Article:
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High-Yield Facts

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  • Burns are the fifth leading cause of unintentional injury-related death. Children younger than 4 years tend to have scalding-related injuries, whereas older children tend to suffer from exposure to flames.

  • Most physicians use the classic Lund and Brower chart to estimate %BSA burned as it adjusts for the age of the patient. Because of the possibility for error in estimations, some physicians use the child's palm, considered approximately 1%, to measure the total %BSA burned.

  • The primary survey should focus on the patency of the child's airway as well as the severity of the burn. Any carbonaceous sputum or singed nasal hairs should alert the physician to impending airway edema.

  • Of particular importance are circumferential burns, which may cause both vascular and respiratory compromise. If vascular compromise is apparent, the patient should undergo an immediate escharotomy.

  • The Parkland formula is widely used to estimate fluid requirements. This formula calls for an isotonic crystalloid solution (such as Lactated Ringers) to be given at 4 mL/kg/%BSA over a 24-hour period. Half of this fluid volume is given over the first 8 hours, and the second half is given over the next 16 hours.

  • Pain management is an important consideration in burn management. Opioid analgesia is often required.

  • Initial wound care in the emergency department should consist of covering the burns with a dry, sterile sheet. Antiseptic solutions such as povidone–iodine and topical antibiotics should be avoided in patients who are being transferred to a burn center until the primary service has had the opportunity to evaluate the wounds.

  • Topical antibiotics are routine in outpatient burn care. One percent silver sulfadiazine is most commonly used.

  • All burn patients should be reevaluated at 24–48 hours to ensure proper wound healing and to examine for signs of infection.

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Epidemiology

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Burns are the fifth leading cause of unintentional injury-related death in children. Non-fatal burn injuries are the third leading cause of unintentional injury and average about 120,000 cases per year in US patients <21 years of age but declined by 30% over the past 17 years.1 Children <6 years of age sustained 58% of the injuries with approximately 60% resulting from thermal (scald) burns. The hands were most frequently burned (36%) followed by the head and face with most injuries occurring in the home.2,3 The mortality rate in pediatric burns continues to fall. Children with at least 60% total body surface area (TBSA) involved had a decrease in mortality rates from 33 to 14% over the last 20 years.4 With earlier intervention, the morbidity and mortality related to thermal burns have decreased; however, there are still significant sequelae that increase with the amount of TBSA involved. The treatment of burn injuries in the ED is usually followed by outpatient management with <10% of cases requiring hospital admission or transfer to a burn center. This chapter addresses common etiologies, clinical evaluation, management, and disposition of children who present to the emergency department with thermal injuries. Electrical burns are covered in Chapter 154.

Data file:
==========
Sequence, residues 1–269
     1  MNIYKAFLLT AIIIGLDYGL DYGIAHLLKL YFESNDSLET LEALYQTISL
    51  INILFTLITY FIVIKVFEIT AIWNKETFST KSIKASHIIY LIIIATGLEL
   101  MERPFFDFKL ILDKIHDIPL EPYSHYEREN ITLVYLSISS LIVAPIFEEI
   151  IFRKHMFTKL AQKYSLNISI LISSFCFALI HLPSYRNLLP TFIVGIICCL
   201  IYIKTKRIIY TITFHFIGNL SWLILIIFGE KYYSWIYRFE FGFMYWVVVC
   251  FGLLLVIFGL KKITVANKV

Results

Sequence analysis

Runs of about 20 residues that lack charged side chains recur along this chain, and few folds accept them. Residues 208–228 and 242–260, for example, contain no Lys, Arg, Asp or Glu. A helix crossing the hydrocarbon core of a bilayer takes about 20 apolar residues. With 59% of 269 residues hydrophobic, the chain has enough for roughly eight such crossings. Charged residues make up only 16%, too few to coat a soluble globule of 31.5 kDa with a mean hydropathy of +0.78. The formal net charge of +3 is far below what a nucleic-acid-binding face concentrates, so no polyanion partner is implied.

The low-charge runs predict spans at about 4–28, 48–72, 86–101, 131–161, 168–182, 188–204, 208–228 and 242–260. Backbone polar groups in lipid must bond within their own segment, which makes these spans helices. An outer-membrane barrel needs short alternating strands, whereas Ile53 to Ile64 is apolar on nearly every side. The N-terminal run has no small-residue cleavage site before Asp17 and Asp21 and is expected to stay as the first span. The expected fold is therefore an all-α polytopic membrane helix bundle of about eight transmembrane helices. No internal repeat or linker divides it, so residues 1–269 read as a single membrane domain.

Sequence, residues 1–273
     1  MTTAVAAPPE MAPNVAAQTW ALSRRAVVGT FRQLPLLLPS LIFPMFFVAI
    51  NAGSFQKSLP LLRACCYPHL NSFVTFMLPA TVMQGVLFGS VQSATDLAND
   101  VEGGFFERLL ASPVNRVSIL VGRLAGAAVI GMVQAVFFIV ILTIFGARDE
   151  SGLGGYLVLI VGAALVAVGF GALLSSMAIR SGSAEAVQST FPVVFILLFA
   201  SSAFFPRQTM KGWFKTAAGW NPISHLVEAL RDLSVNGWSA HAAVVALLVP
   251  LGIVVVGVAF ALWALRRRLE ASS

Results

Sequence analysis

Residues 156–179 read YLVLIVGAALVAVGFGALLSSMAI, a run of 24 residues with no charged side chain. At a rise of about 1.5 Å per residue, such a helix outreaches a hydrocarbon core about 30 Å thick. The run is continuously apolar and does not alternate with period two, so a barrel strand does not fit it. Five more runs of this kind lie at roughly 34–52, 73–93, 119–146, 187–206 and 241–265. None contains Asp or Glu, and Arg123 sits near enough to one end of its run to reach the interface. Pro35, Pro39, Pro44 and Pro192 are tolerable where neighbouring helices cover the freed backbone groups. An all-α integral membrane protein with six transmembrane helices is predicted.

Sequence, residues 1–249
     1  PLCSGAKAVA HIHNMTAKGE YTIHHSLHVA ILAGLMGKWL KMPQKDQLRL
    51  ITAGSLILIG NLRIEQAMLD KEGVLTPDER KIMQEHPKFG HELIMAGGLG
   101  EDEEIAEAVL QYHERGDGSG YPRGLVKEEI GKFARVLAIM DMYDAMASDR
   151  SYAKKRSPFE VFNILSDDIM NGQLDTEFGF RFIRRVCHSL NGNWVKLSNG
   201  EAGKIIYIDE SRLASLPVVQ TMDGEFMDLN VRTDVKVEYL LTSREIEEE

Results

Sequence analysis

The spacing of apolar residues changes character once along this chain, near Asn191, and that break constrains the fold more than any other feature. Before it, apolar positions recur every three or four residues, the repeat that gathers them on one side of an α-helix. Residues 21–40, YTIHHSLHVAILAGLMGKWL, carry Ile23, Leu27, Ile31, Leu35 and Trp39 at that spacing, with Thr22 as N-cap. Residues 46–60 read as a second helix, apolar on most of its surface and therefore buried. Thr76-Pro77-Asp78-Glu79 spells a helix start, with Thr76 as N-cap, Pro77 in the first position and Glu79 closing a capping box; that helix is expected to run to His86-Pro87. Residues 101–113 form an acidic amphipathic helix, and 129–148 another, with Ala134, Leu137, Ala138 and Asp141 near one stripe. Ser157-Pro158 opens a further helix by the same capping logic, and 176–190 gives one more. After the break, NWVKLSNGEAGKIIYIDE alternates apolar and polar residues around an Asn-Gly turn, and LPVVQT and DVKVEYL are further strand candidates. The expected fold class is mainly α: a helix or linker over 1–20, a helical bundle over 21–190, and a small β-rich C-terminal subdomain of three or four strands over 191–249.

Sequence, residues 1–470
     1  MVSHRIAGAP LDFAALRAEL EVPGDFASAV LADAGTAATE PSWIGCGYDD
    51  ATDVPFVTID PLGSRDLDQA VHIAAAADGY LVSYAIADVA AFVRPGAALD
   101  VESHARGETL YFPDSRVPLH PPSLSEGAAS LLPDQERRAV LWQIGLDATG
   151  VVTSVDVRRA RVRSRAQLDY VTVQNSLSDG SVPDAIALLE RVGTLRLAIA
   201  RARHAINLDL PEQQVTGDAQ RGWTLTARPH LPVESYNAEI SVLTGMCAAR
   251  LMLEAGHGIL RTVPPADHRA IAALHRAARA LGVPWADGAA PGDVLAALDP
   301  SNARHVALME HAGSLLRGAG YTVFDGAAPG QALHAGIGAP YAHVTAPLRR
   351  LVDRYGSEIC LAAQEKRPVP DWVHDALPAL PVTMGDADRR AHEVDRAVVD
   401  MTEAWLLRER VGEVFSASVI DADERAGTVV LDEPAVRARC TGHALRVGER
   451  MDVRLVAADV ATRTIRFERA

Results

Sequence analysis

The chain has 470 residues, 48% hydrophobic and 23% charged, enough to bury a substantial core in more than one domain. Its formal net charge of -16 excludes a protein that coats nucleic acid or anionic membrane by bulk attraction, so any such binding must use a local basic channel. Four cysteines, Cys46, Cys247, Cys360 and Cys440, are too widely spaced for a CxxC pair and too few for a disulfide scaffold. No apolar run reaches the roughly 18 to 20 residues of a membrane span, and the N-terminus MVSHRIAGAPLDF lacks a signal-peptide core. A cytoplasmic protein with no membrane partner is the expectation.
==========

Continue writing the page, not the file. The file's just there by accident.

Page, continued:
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Etiology

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Thermal
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Scald injuries are the most common cause of burns in children younger than 4 years old. These typically occur as a result of hot liquids that tip over or are accidentally spilled near a child. Infants are at risk for bath-related scalds. Contact burns from touching hair curling or clothing irons are often seen in young children accidently ...

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